The holding in Mendez was recently upheld in an en banc decision. See United States v. White, ___ F.3d ___, ___, 2008 WL 5396246, at *5 (6th Cir. Dec. 24, 2008)(en banc). In White, we held that "[s]o long as the defendant receives a sentence at or below the statutory ceiling set by the jury's verdict, the district court does not abridge the defendant's right to a jury trial by looking to other facts, including acquitted conduct, when selecting a sentence within that statutory range." Id. at ___, 2008 WL 5396246 at *3. 8
Hines next argues that the district court calculated an advisory Guidelines range that improperly considered acquitted conduct. Specifically, he asserts that, because the jury determined in the special jury verdict form that he did not possess more than 5 grams of cocaine base beyond a reasonable doubt, the district court cannot consider conduct on which he was acquitted to find otherwise. Although framed differently, Jackson also argues that the district court improperly engaged in judicial fact-finding post-Booker. Similar arguments were rejected in Mendez. Relying on the Supreme Court's decision in United States v. Watts, 519 U.S. 148, 157 (1997), we observed that "this court has repeatedly held since Booker that sentencing courts may still find facts using the preponderance-of-the-evidence standard," "that Booker did not disturb Watts," and thus reasoned that "a post-Booker sentencing court may consider even `acquitted conduct' if it finds facts supporting that conduct by a preponderance of the evidence." Mendez, 498 F.3d at 426-27. In United States v. Watts, the Supreme Court held "that a jury's verdict of acquittal does not prevent the sentencing court from considering conduct underlying the acquitted charge, so long as that conduct has been proved by a preponderance of the evidence." 519 U.S. 148, 157 (1997). Watts preceded Booker, but this court has repeatedly held since Booker that sentencing courts may still find facts using the preponderance-of-the-evidence standard. See United States v. Gates, 461 F.3d 703, 708 (6th Cir. 2006); United States v. Coffee, 434 F.3d 887, 897-98 (6th Cir. 2006); United States v. Stone, 432 F.3d 651, 654-55 (6th Cir. 2005) ("Booker did not eliminate judicial fact-finding. Instead, the remedial majority gave district courts the option, after calculating the Guideline range, to sentence a defendant outside the resulting Guideline range."). And in United States v. Brika, 487 F.3d 450, 458-60 (6th Cir. 2007), this court concluded after a thorough analysis that Booker did not disturb Watts, and therefore confirmed that a post-Booker sentencing court may consider even "acquitted conduct" if it finds facts supporting that conduct by a preponderance of the evidence.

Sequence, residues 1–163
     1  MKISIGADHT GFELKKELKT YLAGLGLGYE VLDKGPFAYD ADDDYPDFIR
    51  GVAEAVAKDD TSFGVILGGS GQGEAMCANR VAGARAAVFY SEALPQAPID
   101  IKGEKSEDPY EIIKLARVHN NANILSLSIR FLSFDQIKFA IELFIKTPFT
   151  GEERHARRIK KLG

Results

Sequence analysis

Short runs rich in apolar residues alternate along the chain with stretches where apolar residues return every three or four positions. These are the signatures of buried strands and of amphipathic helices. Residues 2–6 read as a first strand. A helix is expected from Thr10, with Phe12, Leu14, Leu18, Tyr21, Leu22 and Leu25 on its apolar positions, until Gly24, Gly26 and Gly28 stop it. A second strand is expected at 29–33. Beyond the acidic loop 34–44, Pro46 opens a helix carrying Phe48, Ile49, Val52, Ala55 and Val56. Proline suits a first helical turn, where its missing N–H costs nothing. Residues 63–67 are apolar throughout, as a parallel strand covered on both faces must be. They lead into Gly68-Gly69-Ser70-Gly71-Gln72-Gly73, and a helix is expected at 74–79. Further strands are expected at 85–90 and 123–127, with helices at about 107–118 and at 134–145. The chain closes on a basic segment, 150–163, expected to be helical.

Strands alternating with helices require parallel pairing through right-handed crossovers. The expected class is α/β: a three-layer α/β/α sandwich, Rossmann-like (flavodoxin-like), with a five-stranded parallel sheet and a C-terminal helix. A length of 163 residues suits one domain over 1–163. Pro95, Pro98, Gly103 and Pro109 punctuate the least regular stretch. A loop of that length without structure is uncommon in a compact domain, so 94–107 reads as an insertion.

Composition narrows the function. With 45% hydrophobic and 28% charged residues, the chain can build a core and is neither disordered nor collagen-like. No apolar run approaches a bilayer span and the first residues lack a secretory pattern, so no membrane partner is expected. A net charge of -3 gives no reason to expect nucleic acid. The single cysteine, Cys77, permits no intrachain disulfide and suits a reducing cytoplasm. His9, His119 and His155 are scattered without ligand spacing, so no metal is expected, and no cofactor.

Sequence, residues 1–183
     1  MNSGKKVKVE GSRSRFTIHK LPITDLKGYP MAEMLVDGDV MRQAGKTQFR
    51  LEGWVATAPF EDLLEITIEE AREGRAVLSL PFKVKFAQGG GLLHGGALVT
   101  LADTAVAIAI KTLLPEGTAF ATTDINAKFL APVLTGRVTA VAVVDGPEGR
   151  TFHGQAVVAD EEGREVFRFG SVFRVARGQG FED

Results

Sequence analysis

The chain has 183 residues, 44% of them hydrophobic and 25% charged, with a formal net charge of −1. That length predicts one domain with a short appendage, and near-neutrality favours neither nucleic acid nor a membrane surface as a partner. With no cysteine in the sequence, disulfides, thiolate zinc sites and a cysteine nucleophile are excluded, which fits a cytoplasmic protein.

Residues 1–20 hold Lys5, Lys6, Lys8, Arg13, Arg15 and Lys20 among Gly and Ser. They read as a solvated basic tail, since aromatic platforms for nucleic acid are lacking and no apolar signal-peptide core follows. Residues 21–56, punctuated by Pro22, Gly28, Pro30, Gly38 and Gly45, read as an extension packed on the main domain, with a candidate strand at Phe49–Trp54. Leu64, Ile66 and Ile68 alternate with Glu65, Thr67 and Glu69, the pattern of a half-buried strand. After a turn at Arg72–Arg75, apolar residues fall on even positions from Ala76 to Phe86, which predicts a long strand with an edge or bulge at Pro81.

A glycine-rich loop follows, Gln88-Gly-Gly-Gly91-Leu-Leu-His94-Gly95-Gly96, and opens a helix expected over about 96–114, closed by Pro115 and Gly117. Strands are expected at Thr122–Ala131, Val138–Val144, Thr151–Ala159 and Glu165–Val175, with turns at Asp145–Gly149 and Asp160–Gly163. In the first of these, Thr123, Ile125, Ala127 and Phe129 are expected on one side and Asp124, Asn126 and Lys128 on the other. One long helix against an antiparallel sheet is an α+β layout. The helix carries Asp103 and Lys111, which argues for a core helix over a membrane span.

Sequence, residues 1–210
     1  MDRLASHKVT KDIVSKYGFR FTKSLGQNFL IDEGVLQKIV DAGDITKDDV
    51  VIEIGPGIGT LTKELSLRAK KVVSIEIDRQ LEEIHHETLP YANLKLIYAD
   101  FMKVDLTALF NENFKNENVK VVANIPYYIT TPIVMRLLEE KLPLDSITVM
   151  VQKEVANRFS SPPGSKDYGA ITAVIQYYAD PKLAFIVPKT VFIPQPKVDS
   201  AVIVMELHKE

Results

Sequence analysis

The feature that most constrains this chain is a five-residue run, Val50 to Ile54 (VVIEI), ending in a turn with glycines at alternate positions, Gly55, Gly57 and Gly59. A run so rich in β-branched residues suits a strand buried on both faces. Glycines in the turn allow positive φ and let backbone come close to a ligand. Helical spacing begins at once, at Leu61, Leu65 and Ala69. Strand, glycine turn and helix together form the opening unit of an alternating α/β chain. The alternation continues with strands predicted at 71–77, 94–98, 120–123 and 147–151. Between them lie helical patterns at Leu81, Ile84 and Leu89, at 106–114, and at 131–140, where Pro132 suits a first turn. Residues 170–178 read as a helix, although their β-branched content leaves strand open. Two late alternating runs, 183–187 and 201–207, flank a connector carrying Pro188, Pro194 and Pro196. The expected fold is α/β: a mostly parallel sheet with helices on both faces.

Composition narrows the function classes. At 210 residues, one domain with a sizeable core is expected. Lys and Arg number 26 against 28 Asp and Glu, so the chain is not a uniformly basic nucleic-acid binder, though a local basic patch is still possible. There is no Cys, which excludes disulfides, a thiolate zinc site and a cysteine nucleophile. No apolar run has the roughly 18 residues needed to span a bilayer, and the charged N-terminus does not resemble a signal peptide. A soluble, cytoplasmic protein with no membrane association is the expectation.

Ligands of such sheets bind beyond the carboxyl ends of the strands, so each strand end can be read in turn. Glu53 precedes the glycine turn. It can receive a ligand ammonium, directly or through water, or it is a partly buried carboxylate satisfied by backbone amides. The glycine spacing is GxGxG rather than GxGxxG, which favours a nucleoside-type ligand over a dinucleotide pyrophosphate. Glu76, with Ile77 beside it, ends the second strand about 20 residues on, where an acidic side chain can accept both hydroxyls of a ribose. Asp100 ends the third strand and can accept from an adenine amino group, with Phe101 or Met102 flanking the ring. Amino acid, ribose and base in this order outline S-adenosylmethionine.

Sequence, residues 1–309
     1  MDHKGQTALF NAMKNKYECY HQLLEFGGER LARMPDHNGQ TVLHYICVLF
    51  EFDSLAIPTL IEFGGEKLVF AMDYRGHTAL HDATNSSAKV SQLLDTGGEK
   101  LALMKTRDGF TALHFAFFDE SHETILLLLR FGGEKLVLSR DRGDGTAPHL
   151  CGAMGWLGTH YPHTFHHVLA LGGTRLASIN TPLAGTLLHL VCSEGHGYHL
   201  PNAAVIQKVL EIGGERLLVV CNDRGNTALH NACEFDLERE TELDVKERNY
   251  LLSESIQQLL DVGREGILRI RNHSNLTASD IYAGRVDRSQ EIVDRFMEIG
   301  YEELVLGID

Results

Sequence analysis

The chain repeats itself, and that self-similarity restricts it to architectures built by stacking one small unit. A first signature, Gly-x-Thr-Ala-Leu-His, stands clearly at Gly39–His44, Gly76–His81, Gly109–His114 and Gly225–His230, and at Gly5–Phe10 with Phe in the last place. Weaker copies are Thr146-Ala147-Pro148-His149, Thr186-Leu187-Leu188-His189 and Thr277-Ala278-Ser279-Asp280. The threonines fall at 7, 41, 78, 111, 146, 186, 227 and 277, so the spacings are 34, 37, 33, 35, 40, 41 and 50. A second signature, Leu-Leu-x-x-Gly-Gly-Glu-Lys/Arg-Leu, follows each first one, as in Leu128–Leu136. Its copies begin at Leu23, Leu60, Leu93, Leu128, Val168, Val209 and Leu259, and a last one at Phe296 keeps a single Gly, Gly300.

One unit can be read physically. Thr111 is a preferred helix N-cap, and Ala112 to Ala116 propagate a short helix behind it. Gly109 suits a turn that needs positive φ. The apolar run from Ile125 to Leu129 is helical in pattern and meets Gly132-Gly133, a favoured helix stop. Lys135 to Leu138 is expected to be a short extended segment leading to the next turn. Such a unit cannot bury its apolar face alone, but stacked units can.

Id. (footnote omitted). This Court's en banc decision in White acknowledges that "Mendez accords with the view expressed by our sister circuits that Booker did not alter the Watts position on acquitted conduct." White, ___ F.3d at ___, 2008 WL 5396246 at *2 (citing cases). As we observed in White, it is not improper post-Booker for a district court to "to rely on acquitted conduct in applying an advisory Guidelines system." Id. at ___, 2008 WL 5396246 at *3. Rather, "[i]n the post-Booker world, the relevant statutory ceiling is no longer the Guidelines range but the maximum penalty authorized by the United States Code." Id. Because Jackson and Hines received sentences "below the statutory ceiling set by the jury's verdict, the district court [did] not abridge the defendant's right to a jury trial by looking to other facts, including acquitted conduct, when selecting a sentence within that statutory range." Id. In Hines' case, the "statutory ceiling" of 20 years "set by the jury's verdict" is well above Hines' actual sentence of 8 years, 1 month. See 21 U.S.C. § 841(b)(1)(C). In Jackson's case, the "statutory ceiling" of life imprisonment "set by the jury's verdict" is well above Jackson's actual sentence of 30 years. See 21 U.S.C. § 841(b)(1)(A). The district court committed no error when it considered acquitted conduct on resentencing. "Taking acquitted conduct into account . . . is permitted for the limited purpose of determining the sentence for convicted conduct, which must be shown by a preponderance of the evidence." White, ___ F.3d at ___, 2008 WL 5396246 at *4. "[T]he district court's consideration of acquitted conduct in sentencing passes constitutional muster . . . insofar as enhancements based on acquitted conduct do not increase a sentence beyond the maximum penalty provided by the United States Code." Id. at ___, 2008 WL 5396246 at *5. B. The District Court's Factual Findings Are Not Clearly Erroneous
We now address Jackson's and Hines' arguments that the district court's factual findings about drug quantities and Jackson's leadership role were clearly erroneous. We begin with the district court's drug quantity findings as to Hines. 1. Quantity of Drugs Attributed to Hines